The Motion Picture Association of America says the quality of the state’s studios and film crews rival those found in Hollywood and New York City. The state trails only California, New York, Georgia and Louisiana in production revenue, according to the N.C. Film Office.
But the budget for the next two fiscal years approved in July by the state legislature lets the incentive program sunset on Jan. 1, 2015. Republican lawmakers, who took full control of state government this year for the first time since Reconstruction, as well as some Democrats, say North Carolina would be better off cutting taxes across the board or giving incentives to manufacturers offering long-term jobs…
“We spent $70 million on film incentives last year, and what else could we have done with that $70 million?” said Rep. Mike Hager, the GOP majority whip, who hails from Rutherford County, where “Dirty Dancing” was shot. “We could have paid more teachers, kept our teacher assistants, given raises to our highway patrol.” …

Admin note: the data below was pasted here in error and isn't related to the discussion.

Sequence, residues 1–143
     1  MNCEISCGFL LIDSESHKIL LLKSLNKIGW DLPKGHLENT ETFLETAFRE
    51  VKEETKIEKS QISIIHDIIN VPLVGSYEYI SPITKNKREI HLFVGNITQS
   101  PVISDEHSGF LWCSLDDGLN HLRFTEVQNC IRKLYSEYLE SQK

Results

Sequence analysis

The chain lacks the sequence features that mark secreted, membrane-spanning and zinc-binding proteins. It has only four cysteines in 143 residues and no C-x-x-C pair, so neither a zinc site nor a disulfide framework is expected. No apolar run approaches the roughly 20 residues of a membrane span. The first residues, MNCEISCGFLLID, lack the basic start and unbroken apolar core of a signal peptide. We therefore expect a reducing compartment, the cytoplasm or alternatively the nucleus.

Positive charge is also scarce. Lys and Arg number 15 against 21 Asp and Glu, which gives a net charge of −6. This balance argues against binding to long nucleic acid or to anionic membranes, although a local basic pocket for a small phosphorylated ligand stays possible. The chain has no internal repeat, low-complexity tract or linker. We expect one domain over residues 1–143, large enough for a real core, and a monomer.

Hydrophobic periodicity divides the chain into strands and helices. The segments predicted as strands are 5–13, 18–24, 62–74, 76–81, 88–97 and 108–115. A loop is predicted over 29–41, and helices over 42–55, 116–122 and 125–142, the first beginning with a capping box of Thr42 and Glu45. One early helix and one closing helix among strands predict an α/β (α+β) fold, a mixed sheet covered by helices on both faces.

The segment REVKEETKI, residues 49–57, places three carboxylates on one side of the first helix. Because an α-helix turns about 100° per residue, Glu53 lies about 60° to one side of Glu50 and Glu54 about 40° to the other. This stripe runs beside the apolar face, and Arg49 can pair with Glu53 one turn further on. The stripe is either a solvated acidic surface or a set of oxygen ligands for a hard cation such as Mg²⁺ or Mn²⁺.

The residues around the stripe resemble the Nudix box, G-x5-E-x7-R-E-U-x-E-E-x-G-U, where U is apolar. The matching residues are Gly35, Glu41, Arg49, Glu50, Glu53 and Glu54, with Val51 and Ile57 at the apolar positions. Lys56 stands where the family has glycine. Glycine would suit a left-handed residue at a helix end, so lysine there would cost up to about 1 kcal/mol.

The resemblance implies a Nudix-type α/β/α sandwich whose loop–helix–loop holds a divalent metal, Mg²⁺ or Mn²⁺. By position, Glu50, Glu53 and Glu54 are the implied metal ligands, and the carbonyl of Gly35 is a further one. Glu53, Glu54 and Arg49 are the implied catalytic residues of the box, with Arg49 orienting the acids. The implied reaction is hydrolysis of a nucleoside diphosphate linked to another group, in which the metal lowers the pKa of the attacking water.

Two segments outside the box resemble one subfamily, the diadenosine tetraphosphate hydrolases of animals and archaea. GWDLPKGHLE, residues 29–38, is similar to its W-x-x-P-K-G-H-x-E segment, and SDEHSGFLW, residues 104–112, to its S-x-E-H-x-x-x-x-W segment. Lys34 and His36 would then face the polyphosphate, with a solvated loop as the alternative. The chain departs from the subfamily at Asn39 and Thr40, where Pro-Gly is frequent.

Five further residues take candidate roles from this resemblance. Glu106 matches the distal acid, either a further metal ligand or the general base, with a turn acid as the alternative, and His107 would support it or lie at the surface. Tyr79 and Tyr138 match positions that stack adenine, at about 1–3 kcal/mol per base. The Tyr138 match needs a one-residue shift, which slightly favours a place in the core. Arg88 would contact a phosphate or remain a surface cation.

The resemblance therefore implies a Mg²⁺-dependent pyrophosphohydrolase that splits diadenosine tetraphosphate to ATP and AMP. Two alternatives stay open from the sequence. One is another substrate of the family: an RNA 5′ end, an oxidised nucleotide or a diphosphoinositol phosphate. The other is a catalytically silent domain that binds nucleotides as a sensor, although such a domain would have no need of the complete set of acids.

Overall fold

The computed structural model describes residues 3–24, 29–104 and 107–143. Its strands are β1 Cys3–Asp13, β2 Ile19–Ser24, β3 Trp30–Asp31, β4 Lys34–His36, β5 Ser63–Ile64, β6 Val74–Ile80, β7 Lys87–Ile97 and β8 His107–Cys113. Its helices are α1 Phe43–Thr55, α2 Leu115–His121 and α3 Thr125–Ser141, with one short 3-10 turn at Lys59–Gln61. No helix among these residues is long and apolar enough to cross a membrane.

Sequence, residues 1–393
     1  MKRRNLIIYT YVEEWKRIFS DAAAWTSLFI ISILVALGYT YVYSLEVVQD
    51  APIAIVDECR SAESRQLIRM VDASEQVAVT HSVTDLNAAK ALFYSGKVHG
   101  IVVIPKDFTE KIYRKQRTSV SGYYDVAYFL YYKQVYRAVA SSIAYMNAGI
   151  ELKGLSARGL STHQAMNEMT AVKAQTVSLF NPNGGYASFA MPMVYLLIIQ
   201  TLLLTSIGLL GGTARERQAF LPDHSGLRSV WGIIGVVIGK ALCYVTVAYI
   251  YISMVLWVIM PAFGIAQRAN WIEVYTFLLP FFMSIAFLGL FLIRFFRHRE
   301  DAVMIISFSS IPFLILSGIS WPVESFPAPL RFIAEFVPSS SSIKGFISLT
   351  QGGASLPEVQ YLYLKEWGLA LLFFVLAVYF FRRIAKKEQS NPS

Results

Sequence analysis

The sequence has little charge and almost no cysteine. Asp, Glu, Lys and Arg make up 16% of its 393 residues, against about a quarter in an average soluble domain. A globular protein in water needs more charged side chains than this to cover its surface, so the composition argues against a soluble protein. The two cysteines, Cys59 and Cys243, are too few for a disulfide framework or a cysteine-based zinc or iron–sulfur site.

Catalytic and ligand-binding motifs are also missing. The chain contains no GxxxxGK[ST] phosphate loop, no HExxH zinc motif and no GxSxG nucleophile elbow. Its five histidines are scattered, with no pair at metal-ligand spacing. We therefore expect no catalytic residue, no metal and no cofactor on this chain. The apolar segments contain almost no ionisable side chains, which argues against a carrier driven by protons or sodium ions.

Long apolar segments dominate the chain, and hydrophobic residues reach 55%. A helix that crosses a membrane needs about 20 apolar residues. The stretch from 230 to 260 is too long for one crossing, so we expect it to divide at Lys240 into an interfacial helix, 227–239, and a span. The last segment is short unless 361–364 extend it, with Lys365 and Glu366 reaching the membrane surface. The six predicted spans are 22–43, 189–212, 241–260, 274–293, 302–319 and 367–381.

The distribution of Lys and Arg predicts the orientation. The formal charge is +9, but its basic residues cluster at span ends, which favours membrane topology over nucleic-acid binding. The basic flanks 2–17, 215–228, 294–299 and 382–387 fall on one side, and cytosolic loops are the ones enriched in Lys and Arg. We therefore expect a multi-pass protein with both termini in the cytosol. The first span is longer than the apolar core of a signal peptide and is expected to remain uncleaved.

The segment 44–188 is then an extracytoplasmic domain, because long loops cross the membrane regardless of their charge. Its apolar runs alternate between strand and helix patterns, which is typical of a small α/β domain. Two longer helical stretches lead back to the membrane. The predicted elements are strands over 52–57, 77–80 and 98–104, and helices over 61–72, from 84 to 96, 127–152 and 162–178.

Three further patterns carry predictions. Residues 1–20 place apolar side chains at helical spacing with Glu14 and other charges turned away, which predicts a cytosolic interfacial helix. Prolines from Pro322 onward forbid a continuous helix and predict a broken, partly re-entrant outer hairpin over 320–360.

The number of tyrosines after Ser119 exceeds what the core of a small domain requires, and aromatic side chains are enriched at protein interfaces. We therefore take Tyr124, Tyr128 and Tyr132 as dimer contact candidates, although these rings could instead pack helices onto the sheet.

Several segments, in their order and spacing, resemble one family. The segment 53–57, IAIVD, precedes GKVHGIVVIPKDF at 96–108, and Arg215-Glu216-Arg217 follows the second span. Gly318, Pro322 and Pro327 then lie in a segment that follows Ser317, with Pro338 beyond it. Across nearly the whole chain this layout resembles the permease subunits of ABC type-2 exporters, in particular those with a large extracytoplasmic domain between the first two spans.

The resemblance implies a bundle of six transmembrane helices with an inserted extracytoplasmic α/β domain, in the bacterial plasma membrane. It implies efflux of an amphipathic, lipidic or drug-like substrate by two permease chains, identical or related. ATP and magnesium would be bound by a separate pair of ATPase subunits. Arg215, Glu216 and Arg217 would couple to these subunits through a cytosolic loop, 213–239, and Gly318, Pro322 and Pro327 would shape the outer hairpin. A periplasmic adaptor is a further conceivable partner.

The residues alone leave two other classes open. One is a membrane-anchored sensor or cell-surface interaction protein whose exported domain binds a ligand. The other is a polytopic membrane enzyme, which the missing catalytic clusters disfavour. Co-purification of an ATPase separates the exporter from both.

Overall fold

Most states pay a subsidy worth about 25 cents for every dollar of production expense, return on investment is hard to quantify, and the highest-paying jobs go to people out of state, says the left-leaning Center on Budget and Policy Priorities in Washington.
The Motion Picture Association of America says film incentives have a multiplier effect, citing a recently commissioned study that shows North Carolina’s $20 million in incentives last year for “Iron Man 3″ led to $180 million in local spending, or nearly $9 for each $1 invested.
Hot Air’s Erika Johnson adds:
Questionable, and the overarching point is that the big names of Hollywood are so often all too happy to consider themselves a cut above the oh-so-disdainful operations of other perfectly rational, profit-seeking businesses in other industries while reaping the benefits of special government treatment at average taxpayers’ expense.
Last year, at least one Hollywood spokeswoman was rather keen to have her taxes raised:
“Desperate Housewives” actress Eva Longoria, who is also Obama campaign co-chair, said Thursday that “the Eva Longoria who worked at Wendy’s flipping burgers – she needed a tax break, but the Eva Longoria who works on movie sets does not.”
The rest of Hollywood should be happy to see North Carolina holding a Obama surrogate to her word; but there are other Hollywood tax cuts that should also be repealed.